Introducing: Lucid, Moses McIntee’s molecularly inclined cocktail bar and restaurant on Queen West

Introducing: Lucid, Moses McIntee’s molecularly inclined cocktail bar and restaurant on Queen West

Moses McIntee, left, mixing a cocktail with liquid nitrogen (Image: Meaghan Binstock)
 

Sure, it might seem a tad inauspicious being the following act to the absurdly short-lived Bohemiam Gastropub and its similarly ill-fated predecessor Oh Boy Burger. But managing partner and mixologist Moses McIntee has high hopes for Lucid Cocktail and Kitchen, the latest business to grace 571 Queen Street West. The liquid nitrogen–loving bartender has served his elaborate concoctions all over the city, most notably at Paese, Ame and Toca, but this is his first stab at having full creative control. Lucid’s financial backers remain the same as those of Bohemian (and Böhmer, for that matter), but McIntee has handpicked a new front-of-house team that had better not be afraid to perform a few science experiments for their guests—because that’s exactly what his drinks require.

McIntee’s ambitious cocktail menu is starting with about 30 options for the restaurant’s early days but will shortly expand to upwards of 120 choices. Artisanal cocktails will cost $13 each, and each takes a lot of words to describe. The War of 1812 is an icy mixture of Bulleit bourbon, Bombay Sapphire gin, orange juice, orange bitters, citrus and Earl Grey–infused Cointreau. The Tandoori Spiced Pisco Sour is made from pisco, lime, tandoori spice syrup, egg white, chartreuse, rose petal dust and rosemary fire (rosemary essence–infused overproof rum, which is burned on top of the cocktail). The Mexico Without Borders is a tequila-based drink, naturally, with saffron-infused Cointreau and essence of coriander and ginger. If those aren’t enough to make your head spin (from the number of ingredients or the alcohol content), there are also cocktail “experiences,” which involve the service staff performing molecular feats tableside.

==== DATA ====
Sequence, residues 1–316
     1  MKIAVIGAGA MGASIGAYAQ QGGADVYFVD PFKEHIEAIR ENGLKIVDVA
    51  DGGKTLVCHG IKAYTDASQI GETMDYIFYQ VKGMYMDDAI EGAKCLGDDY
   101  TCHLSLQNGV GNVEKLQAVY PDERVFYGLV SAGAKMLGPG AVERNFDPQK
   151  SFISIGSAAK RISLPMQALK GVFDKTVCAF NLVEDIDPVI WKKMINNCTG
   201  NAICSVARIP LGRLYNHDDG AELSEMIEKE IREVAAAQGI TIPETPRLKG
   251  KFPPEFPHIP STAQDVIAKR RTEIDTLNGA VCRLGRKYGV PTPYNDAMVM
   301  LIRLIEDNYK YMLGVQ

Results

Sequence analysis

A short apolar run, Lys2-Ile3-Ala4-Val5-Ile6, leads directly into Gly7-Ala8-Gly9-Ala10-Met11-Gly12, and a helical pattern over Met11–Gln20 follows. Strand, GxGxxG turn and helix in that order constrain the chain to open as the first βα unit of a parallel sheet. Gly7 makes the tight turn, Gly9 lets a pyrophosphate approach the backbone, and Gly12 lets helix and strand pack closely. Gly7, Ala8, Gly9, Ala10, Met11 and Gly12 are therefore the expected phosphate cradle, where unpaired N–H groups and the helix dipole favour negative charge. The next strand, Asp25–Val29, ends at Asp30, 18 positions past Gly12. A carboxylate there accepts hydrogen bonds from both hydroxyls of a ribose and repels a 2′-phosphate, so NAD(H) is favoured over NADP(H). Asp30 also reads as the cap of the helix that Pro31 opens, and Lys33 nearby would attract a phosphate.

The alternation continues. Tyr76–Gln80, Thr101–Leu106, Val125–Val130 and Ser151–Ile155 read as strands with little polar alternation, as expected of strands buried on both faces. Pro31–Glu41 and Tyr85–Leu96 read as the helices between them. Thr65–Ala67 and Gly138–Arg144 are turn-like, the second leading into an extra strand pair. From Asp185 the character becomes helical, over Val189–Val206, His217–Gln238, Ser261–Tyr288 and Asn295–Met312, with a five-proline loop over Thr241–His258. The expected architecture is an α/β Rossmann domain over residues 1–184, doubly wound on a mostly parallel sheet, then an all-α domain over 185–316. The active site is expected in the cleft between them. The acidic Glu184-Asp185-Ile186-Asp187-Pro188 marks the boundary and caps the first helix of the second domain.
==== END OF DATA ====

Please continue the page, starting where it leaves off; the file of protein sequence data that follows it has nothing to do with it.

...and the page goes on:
The cocktail menu might wander all over the map, but the kitchen’s taking a contrasting local and traditional approach, with chef de cuisine Robert Richardson (formerly of Paese) turning out a comfort-focused card with strictly Ontario ingredients. Venison tartare is topped with a green peppercorn dressing and quail’s egg ($14). There’s also fresh sorrentino pasta stuffed with pumpkin and goat cheese in ginger cream sauce ($18), tourtière with house sausage, chicken and chestnut velouté ($19) and a variety of flatbreads crisped in the fancy wood-burning oven. The main courses might keep it simple, but McIntee promises dessert will also be served with a side of molecular magic.

Lucid Cocktail and Kitchen, 571 Queen St. W., 416-361-6154